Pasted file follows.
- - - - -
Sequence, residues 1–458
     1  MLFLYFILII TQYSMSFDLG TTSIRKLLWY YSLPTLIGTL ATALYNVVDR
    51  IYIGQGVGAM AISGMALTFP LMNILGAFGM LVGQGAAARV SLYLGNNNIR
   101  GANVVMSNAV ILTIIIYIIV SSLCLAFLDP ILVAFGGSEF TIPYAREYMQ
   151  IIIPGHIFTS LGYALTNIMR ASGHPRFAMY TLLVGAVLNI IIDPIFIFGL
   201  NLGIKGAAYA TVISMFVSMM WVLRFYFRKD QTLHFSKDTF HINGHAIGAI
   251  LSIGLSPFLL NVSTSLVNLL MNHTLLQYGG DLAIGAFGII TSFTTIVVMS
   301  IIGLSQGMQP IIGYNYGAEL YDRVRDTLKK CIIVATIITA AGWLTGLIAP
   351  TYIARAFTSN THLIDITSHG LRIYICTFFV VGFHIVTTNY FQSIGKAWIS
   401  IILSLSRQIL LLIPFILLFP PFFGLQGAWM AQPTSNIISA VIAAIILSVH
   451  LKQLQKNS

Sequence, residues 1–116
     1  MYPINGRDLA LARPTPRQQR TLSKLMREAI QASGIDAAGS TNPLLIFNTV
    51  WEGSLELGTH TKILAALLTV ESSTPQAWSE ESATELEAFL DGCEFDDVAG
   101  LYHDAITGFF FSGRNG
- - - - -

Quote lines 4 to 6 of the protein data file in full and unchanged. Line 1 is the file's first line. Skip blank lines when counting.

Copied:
   101  GANVVMSNAV ILTIIIYIIV SSLCLAFLDP ILVAFGGSEF TIPYAREYMQ
   151  IIIPGHIFTS LGYALTNIMR ASGHPRFAMY TLLVGAVLNI IIDPIFIFGL
   201  NLGIKGAAYA TVISMFVSMM WVLRFYFRKD QTLHFSKDTF HINGHAIGAI